“The power of habit and the charm of novelty are the two adverse forces which explain the follies of mankind.” – Maria de Beausacq

We’re caught in the middle of a game of tug o war. On one side is habit, repetition, and routine; on the other side is novelty, excitement, and risk.

Some of us live closer to one than the other — a daredevil rebel always on the edge, never sticking to routine or structure; or the quiet studious person that finds it easy to create habits and maintain a structured lifestyle. But most of us are somewhere in between.

Given the differences between these styles of living, it’s not hard to see why a habit based on novelty would be difficult, it places together two functions that normally sit on opposite sides.

Yet the benefit to a habit of curiosity is there for anyone — boosts in creativity, knowledge, and experience; greater self-control and confidence; and of course a more fulfilled and exciting lifestyle.

While there are difficulties in achieving a novelty habit — especially for those at the edges of the scale — it’s not impossible, all it takes is the right idea and enough motivation.

Out With the Old, In With the New

A novelty habit should provide a nice balance between old and new, it’s the idea of becoming comfortable with being curious. here are a few techniques:

1. Make ‘why’ your favorite word. Put yourself in a child’s shoes and get that wide-eyed wonder of the world back. Don’t settle on assumptions when the habit of asking why could lead to a better understanding or a new perspective on things you think you know.

2. Beware of confirmation bias. Speaking of perspectives, when we seek out information, we often look for what we think the answer is — which will only lead to support for that view. Get into the habit of searching for the other side of the argument, look for what might disprove your idea, or contradict your views. Then you’ll have a greater understanding from which to pick your standing.

3. Mix the old with the new. Every time you go for a run or a bike ride, even on your way to work, try to go somewhere different. If you have a few meals you cook each week, add something new each time. If you always listen to the same music, choose a new band once a week. You should never feel like you’re just going through the motions.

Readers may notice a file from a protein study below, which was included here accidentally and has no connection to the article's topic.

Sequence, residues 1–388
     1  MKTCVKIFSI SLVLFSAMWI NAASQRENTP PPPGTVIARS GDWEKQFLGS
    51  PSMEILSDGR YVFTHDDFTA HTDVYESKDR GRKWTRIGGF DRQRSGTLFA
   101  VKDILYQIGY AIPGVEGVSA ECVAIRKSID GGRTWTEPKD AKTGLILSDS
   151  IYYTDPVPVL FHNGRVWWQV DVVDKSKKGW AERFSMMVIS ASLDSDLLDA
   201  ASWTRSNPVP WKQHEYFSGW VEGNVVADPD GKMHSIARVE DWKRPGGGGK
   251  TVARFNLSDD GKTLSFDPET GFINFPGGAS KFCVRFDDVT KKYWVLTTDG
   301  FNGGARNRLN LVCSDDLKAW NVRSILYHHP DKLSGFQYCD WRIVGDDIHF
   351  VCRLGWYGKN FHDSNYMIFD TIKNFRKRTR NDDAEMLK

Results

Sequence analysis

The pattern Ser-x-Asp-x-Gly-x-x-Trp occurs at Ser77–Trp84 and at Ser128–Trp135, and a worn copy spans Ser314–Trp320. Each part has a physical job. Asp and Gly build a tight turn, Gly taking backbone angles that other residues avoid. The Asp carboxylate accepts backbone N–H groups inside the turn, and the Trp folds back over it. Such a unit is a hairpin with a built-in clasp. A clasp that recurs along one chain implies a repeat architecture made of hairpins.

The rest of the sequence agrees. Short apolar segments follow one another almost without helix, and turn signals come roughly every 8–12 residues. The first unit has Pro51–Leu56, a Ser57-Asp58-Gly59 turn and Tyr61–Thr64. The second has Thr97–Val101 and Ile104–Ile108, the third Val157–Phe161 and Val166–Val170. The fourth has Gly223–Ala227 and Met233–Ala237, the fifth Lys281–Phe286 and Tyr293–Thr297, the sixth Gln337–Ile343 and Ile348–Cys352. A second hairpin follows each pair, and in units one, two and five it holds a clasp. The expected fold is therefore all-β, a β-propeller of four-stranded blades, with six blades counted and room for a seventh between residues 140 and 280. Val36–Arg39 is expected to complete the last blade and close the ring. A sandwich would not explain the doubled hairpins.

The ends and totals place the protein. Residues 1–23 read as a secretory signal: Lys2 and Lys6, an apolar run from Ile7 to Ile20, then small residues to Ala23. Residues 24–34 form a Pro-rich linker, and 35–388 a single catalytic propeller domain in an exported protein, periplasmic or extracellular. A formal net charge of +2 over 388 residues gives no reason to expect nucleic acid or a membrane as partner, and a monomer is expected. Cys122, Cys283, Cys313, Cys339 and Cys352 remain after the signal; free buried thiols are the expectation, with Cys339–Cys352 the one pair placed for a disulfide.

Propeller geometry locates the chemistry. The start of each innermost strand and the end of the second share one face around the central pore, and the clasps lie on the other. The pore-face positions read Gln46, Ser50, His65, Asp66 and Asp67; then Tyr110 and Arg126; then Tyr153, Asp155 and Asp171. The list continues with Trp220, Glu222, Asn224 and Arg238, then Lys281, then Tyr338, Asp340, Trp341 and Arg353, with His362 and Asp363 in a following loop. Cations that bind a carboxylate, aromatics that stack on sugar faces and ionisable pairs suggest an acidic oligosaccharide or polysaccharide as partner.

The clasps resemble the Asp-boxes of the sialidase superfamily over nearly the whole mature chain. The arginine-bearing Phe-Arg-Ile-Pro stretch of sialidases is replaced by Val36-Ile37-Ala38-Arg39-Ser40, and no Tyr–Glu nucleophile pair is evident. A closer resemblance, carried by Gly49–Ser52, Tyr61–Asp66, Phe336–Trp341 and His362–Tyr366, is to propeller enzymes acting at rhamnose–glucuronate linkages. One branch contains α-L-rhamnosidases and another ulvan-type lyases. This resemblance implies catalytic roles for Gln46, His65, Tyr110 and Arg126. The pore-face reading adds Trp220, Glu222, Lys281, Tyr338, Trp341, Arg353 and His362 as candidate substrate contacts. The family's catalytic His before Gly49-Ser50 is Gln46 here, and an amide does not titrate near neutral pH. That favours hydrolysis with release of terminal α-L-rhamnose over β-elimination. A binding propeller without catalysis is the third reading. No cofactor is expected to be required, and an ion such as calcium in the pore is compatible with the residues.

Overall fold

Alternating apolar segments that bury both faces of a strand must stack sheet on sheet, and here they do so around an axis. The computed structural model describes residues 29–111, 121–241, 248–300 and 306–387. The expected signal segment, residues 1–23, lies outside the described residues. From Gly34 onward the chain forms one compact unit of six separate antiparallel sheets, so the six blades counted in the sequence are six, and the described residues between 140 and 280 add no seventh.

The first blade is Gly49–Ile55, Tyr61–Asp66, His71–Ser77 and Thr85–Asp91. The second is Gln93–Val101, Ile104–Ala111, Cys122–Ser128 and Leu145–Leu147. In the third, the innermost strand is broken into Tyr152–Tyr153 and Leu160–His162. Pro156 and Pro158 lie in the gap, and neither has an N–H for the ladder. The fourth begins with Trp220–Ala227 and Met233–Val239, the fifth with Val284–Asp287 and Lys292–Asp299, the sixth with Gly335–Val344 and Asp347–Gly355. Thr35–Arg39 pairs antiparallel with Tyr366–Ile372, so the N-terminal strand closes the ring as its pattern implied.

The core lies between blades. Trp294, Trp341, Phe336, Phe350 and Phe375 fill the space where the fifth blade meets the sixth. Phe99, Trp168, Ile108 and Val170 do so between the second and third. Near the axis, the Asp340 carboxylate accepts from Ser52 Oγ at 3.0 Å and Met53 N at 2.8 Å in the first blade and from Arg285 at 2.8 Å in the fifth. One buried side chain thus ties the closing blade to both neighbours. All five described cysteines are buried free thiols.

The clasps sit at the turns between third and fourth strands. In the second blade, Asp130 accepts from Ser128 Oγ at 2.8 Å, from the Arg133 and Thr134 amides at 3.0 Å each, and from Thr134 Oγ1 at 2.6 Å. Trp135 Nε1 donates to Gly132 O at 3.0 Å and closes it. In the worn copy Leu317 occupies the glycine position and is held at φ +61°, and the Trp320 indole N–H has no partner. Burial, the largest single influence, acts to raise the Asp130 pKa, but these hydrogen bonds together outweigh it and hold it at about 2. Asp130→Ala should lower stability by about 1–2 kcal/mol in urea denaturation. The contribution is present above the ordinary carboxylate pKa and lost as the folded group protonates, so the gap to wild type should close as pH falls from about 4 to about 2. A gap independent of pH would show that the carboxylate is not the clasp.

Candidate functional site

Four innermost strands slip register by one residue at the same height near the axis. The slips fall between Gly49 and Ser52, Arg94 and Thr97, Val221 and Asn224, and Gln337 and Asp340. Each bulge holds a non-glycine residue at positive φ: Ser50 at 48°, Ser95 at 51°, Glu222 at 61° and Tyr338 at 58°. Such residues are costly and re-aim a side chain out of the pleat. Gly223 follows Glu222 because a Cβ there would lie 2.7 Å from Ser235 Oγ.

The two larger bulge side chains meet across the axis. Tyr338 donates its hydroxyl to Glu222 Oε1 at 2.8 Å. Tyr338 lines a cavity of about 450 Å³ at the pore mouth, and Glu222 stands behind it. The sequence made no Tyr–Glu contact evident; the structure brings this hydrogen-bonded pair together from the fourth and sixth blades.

4. Take a new course/learn a new language/pick up an instrument. Each of these require some structure and discipline, but they’ll also provide you with new challenges and experiences.

The Novelty Seeker

The mere-exposure effect within psychology says that as we become more exposed to something, we become more comfortable with it — it happens in small simple things like music when we have a song ‘grow’ on us, to bigger things like when you get comfortable camping in the middle of the wilderness. But the idea is also that we are fearful at the beginning, we understand there is a risk — even if that risk is as small as being disappointed in the song we listen to.

We approach new things with caution, sniffing them out slowly so as not to be surprised. Because unlike the cat, we don’t have nine lives, we need to protect ourselves from potential harm.

Despite this, seeking out new experiences is how we learn — it’s enlightening, adds spice to our lives, and is a little risky. “Novelty-seeking is one of the traits that keeps you healthy and happy and fosters personality growth as you age,” says C. Robert Cloninger, “[…] if you combine this adventurousness and curiosity with persistence and a sense that it’s not all about you, then you get the kind of creativity that benefits society as a whole.”

With the right novelty habit, we should be able to explore, to take in new experiences and gain new insights, yet feel safe and comfortable in doing so.

In essence, the novelty habit will get you hooked on curiosity.

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